An Ecological Perspective on Respecting Children

In modernity, we like to think we know what a beautiful garden looks like, that we might come in and “fix” the land to be more like our conception of natural beauty. Usually, this idea of beauty is based off of someone else’s garden, someone’s garden we wish was our own. And we worry about what others will say if we don’t trim the trees, cut the grass, chase out the “undesirable” animals and insects; in other words, we worry people will judge us for not taming the land. We somehow think it’ll be better if we choose which plants and animals live and die, without realizing the beauty and importance of each entity in an interconnected eco-system. We’re told by magazines and television shows what to do, how to make the land beautiful, as if they knew our land, as if they knew us…

It’s the same with our children. We’re afraid if we don’t tame the child, we will be judged as bad parents or educators. There is a constant barrage of media telling us how to tame the child and how to cultivate that which is considered “proper” and “beautiful” in children. Sometimes we even fall into the trap of comparing children, thinking that this one should be more like that one. But consider for a moment that each child is like a forest; each child is in a beautiful organic process of growth, change, and loss that are integral to her development. The animals are her emotions. The trees are her talents. The rivers are her energy. Everything is in its’ proper place; everything is supporting everything else.

If you assembled a team of “experts” to maximize the efficiency of the forest, the arborist might tell you to cut down this tree or that tree, saying it will be better to let more sunlight through here or there. The biologist might say to trap and kill this or that animal, since there may seem to be an issue with population control in that season. The hydrologist might suggest building a dam here or there, to reserve water at this or that elevation. How can they know better than the forest itself? How can they be sure that their interference is in the interest of the forest and not a projection of their own desire, well intentioned or otherwise, to control and preserve that which they think is most important? No matter how much they think they know, no team of experts will understand the unique process of the forest as well as the forest itself. This is because forests, like children, are unique and special.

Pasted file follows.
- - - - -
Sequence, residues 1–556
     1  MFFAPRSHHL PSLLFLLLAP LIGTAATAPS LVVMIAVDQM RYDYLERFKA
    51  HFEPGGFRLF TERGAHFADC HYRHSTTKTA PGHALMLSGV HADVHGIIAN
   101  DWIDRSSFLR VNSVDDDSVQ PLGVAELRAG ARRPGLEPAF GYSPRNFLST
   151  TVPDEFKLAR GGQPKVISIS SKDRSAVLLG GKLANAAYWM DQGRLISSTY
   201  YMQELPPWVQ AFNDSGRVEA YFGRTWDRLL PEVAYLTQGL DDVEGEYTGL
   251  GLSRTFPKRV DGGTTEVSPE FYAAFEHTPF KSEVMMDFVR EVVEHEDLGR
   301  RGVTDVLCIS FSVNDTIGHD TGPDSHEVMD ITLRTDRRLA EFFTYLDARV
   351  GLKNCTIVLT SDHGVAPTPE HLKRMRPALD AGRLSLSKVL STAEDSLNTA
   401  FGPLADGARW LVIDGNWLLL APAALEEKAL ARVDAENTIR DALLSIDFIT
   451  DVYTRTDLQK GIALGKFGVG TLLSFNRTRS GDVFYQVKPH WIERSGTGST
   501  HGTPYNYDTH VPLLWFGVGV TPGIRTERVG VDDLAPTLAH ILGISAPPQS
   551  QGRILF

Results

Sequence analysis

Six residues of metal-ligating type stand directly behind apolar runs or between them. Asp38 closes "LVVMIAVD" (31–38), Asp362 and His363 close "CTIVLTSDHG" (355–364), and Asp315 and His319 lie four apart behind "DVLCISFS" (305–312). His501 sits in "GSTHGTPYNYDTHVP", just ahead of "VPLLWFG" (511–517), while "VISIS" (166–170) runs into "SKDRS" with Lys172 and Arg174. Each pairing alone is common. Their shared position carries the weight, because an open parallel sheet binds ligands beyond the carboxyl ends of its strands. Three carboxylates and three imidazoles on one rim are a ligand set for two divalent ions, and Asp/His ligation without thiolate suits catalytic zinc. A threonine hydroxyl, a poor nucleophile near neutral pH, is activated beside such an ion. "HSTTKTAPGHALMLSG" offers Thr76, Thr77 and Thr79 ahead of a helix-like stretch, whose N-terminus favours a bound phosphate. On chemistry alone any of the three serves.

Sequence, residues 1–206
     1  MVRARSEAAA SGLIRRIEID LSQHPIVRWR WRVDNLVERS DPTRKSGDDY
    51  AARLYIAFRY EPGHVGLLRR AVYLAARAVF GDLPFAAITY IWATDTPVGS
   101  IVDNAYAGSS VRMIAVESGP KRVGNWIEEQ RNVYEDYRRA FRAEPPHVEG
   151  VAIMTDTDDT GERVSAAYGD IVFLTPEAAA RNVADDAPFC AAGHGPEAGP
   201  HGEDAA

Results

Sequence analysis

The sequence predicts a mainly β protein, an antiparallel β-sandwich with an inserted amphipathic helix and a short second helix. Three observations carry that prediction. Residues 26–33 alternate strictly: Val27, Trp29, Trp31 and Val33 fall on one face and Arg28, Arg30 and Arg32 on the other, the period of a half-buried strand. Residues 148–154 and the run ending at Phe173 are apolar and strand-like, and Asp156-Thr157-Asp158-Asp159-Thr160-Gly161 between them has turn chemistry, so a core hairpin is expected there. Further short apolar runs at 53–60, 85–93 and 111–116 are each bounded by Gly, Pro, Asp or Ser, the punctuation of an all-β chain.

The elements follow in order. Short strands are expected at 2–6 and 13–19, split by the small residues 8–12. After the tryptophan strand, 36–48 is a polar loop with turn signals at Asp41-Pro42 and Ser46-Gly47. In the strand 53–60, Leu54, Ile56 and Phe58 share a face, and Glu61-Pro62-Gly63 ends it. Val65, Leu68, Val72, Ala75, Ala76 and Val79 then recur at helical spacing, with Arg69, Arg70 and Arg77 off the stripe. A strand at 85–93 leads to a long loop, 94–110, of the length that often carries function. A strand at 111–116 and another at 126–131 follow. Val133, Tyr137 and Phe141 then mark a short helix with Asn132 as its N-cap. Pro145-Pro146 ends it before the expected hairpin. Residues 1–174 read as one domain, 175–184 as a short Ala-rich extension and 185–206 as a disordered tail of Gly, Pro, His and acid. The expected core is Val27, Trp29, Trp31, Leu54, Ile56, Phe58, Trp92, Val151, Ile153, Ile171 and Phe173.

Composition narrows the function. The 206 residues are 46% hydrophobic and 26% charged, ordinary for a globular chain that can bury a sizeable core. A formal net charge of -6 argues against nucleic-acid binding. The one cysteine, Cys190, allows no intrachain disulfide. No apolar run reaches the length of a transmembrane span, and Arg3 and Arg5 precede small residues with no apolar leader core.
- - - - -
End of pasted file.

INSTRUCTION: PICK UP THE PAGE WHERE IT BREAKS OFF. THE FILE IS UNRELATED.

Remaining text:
We approach the wild and our children as if they need saving, as if without our “assistance” they would simply crumble and blow away in the wind. But they are strong, stronger than people give them credit for. The land and the children are resilient entities; they respond to challenge by growing, by evolving, by becoming more capable, not the other way around. Even the elements of the forest that are dangerous are beautiful and important in their own right. The mountain lion and the poison ivy serve a purpose; to exterminate them would be to damage the eco-system even if it made the forest appear “safer.” If we tame the wild, if we tame our children, we do them a great disservice, for they were perfect all along; their virtues stem from their authenticity, from their natural state of being.

Have you ever found yourself in the wilderness, seated quietly, listening to the sounds of nature and felt overwhelmed by its’ perfection? That everything was working cooperatively, everything was taking care of itself, and it didn’t require any human management whatsoever? This is the exact feeling I have when I am at The Open School, or any place where children are allowed to have freedom and to be themselves. They are strong, they are resilient, they are always learning, they take care of themselves, and they don’t need to be compelled by an adult. They don’t need to be landscaped, they don’t need to be sprayed with chemicals, they don’t need to be raked and weeded and trapped and manicured. We can never own the land and we can never own a child. Like the forest, we serve children best by sitting with them, by appreciating them, and by witnessing the beauty in all aspects of their natures.

Let the land be wild. Let the children be free.

Written by Co-Founder and Staff Member Ben Page

Forests and Children

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